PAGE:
Recently I’ve been going through Patrick Dubroy’s excellent blog archives and I stumbled upon a post titled “Blogging is the hardest ‘conversation’ I’ve ever had” which really resonated with me. Pat said:
Yesterday, after writing my post in reply to Atul, Aza, and co., I was thinking about how much work it is to put together a post like that. You often hear people refer to blogs as a “conversation”, but if that’s true, it’s more work than any type of conversation I’ve ever had.
Compare it to other kinds of group conversation we can have on the internet:
- IM, IRC, etc.
- Twitter and FriendFeed
- wikis (not all wikis are really conversation-friendly, but the original wiki certainly is)
- email, discussion forums, blog comments
Writing a blog entry in response to someone else’s is far more difficult than any of those. Partly, it’s because blogging is often slightly more structured and polished than the other methods; but there’s also a lot of overhead in the actual act of writing a post.
This has definitely been my experience too. Trying to stitch together quotes and links to other blogs is incredibly tedious and error-prone. And if you use a format like Markdown, making sure you’ve got the quotes, lists, and links properly copied over is just that much harder. Everything’s so fiddly. Is it any wonder almost nobody does it?
When I started my website in 2010, I was really excited to jump in to writing on the web. There were blog conversations all over the place: Somebody would post something, then other blogs would react to it, adding their own thoughts, then the original poster would link to those reactions and respond likewise, etc. It became a whole conversation and I couldn’t wait to participate.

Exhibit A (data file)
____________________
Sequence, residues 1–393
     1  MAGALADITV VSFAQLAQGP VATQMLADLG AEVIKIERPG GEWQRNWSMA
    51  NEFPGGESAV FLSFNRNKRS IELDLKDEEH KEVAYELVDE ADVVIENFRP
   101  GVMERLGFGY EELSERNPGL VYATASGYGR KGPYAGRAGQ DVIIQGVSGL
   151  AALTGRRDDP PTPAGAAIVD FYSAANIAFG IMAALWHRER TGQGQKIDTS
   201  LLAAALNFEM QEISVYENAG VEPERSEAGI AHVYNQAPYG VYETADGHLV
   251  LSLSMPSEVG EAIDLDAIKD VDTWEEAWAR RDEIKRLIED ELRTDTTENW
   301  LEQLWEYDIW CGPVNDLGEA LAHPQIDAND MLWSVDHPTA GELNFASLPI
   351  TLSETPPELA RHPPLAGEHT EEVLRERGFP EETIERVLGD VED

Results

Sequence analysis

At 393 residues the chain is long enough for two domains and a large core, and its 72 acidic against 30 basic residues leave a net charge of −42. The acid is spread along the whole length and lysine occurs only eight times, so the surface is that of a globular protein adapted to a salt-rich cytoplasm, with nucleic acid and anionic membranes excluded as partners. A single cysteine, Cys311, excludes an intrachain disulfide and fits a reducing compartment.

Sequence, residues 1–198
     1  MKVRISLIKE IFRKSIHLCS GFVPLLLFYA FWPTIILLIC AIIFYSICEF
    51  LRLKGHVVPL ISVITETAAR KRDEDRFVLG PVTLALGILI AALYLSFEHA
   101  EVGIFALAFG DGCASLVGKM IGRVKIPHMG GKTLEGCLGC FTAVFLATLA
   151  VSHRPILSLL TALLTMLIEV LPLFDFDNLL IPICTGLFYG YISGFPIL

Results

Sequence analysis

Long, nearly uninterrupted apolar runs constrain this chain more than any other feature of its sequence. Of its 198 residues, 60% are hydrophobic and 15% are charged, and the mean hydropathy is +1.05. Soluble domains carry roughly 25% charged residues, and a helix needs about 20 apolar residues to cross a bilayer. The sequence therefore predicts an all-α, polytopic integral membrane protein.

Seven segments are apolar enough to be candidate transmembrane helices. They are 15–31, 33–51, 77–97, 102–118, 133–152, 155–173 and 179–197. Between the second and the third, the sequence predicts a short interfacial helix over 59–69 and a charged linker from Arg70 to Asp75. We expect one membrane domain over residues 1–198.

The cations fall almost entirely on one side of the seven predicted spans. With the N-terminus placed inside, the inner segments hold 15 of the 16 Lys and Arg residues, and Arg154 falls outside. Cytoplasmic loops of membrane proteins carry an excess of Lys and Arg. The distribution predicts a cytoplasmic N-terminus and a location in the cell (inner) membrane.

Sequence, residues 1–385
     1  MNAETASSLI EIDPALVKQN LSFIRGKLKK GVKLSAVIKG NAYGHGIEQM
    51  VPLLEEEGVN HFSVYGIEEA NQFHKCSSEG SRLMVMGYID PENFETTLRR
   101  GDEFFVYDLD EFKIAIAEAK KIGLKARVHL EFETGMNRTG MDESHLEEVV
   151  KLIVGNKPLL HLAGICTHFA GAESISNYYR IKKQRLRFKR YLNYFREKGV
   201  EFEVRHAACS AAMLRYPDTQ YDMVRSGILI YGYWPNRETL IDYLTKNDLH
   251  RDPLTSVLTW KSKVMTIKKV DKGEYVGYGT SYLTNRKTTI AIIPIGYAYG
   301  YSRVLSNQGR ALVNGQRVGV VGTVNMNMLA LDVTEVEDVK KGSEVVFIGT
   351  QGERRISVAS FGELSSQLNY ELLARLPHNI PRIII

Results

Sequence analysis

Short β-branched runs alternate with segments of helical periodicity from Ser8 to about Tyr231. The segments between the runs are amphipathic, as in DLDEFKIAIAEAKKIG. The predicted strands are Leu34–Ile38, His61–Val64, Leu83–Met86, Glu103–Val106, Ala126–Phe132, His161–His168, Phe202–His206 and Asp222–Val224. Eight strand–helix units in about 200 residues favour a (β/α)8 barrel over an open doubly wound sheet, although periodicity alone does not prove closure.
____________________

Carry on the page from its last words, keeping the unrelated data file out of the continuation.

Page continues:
But I’ve never really had much of a conversation on my website. I’ve reacted to others’ posts, but I’ve never felt it reciprocated. I never felt like I was talking with anyone or anyone’s website, but more like I was spewing words out into the void. Some people definitely enjoy what I write, some agree and some even disagree with it, but the feedback has always been private, there’s never been much public conversation.
And I get it. Like Pat said, the interface to blogging doesn’t really encourage conversation, which makes blogging feel anti-social and lonely. My guess is blog comments were a way to make things feel more social, less isolated, but unless a lot of thought is put into them, comments become a total shitshow almost immediately (see Civil Comments, a promising attempt at fixing this). RSS lets readers subscribe to your posts, but you have no relationship with these people; ideally you want your readers to be peers so you can read their blogs, too.
There’s a lot of talk about the death of blogs, and it’s easy to understand why. Blogs are a lot of work to set up, they’re often fiddly to get right, people feel an urge to put out their best selves, and they have a terrible interface for being social. Not to mention how terrible writing on a touch screen is.
Luckily, there are still a few of us nuts around still writing on the web, who don’t really care if “blogs are dead” or not. But we sure could use some company.